Ben Twist is Creative Carbon Scotland‘s Director and he has a brilliant blog. This article is copied from from Ben’s strategy blog which is well worth following!
Over the summer Creative Carbon Scotland focused more than we have in the past on talking to people and organisations working on climate change and sustainability about the role of the arts in their field (as opposed talking to people in the arts about climate change).
We’ve been doing a lot of thinking (and I’ve covered some of this in one of my other blogs) about the particular role of the arts in working on carbon reduction and adaptation to a new society. My part of this has been to do a number of talks to various groups, from an event at the Edinburgh Centre for Carbon Innovation during the Edinburgh Festivals to a TEDx talk at Heriot Watt University.
I’ve refined my talk over the summer and the structure now goes something like this:
- We’re facing a major social change: either we achieve the carbon reduction targets implicit within the Paris Agreement – in which case our relationship with energy and fossil fuels will have to change radically – or we don’t achieve them – in which case issues such as migration, changing food supplies, resource related conflicts and so on will bring about major social change (as they are already).
- The Mexico City Declaration by UNESCO provides a useful definition of culture in a broad sense as effectively the way we live in the world.
- Using that definition, climate change is as much a cultural issue as a scientific or technical one: it is a function of our culture, our way of living in the world, which is a culture of consumption. We dig up resources, use them and throw them away, and this latter stage is a major cause of climate change. In order to avert more climate change, we need to shift to a culture of stewardship.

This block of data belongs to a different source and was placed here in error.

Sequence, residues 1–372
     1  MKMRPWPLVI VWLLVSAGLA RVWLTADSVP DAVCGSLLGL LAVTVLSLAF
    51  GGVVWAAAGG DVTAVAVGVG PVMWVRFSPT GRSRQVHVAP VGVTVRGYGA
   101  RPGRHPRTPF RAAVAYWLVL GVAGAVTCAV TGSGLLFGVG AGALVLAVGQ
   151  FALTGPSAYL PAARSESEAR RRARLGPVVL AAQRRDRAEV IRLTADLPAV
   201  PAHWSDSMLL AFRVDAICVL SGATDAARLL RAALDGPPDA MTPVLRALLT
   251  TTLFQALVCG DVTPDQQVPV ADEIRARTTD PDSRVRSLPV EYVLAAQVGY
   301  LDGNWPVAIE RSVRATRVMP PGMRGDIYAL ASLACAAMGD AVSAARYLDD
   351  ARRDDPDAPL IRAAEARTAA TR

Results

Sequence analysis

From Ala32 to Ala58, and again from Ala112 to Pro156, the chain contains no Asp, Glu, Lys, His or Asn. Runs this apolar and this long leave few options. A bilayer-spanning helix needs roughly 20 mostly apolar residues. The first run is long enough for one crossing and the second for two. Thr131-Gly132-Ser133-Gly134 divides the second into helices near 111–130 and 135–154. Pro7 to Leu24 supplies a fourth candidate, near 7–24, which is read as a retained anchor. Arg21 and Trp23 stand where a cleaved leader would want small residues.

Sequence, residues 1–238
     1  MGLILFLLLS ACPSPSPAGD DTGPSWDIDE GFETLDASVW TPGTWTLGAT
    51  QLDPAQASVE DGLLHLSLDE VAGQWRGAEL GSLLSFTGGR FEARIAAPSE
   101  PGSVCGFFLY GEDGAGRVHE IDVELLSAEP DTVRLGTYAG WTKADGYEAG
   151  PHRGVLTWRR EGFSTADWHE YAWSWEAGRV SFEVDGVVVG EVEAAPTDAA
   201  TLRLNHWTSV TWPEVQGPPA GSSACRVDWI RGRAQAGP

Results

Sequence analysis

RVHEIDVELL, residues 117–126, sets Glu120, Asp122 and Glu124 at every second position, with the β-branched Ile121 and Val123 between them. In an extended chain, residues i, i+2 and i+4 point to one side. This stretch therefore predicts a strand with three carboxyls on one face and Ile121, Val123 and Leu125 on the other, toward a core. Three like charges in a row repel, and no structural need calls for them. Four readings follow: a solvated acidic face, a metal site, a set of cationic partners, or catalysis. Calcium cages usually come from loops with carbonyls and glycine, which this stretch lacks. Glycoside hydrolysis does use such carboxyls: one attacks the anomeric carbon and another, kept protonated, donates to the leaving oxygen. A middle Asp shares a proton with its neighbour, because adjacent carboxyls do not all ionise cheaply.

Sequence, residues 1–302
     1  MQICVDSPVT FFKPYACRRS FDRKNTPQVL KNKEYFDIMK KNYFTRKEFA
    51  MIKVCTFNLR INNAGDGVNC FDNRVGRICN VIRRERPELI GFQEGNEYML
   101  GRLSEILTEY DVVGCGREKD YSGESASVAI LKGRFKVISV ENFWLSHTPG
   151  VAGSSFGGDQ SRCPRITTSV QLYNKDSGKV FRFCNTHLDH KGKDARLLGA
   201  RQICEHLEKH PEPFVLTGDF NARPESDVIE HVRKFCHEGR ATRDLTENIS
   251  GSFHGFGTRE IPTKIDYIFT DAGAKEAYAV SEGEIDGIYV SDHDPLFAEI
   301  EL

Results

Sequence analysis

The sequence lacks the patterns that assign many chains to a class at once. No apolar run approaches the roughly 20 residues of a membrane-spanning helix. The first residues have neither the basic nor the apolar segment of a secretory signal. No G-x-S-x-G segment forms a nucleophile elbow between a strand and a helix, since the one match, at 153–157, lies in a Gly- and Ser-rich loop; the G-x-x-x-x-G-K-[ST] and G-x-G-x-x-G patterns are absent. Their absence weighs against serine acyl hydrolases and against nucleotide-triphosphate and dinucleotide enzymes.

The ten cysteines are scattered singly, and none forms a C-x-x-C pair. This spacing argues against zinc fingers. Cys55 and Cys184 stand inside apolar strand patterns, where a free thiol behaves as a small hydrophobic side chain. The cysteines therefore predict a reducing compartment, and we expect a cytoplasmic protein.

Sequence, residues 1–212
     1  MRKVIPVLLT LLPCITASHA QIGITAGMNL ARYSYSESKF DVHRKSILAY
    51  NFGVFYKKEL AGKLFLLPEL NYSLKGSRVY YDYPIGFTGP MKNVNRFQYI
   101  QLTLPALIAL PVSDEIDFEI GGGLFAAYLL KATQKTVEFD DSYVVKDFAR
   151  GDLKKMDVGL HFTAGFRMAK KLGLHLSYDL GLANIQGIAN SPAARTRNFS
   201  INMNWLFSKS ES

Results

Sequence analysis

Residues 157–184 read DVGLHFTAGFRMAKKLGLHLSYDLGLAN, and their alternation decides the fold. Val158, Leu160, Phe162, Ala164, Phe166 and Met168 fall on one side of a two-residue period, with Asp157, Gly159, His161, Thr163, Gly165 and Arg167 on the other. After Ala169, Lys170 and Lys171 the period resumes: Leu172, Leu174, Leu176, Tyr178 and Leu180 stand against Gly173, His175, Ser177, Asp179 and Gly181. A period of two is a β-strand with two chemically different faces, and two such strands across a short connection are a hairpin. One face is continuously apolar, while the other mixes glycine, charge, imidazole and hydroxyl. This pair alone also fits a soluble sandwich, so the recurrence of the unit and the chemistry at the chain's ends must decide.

- This would have useful implications not only for environmental sustainability and climate change but also social sustainability (climate justice but also equalities more broadly) and economic sustainability (perhaps abandoning the search for endless economic growth and following up some of the principles of Tim Jackson’s Prosperity Without Growth, for example).
- So how do we achieve this cultural shift?
- Culture in a narrower sense – what we generally call the arts, but this includes design, film and media, museums and heritage etc – is the expression of culture in the wider sense used above. Art has often been said to ‘hold a mirror up to society’. But it is also therefore a way of understanding, interrogating and changing the wider culture.
- The German playwright Bertolt Brecht wrote, ‘Art is not a mirror to hold up to society, but a hammer with which to shape it’!
- Working with the arts is therefore a useful way to work on achieving the cultural shift.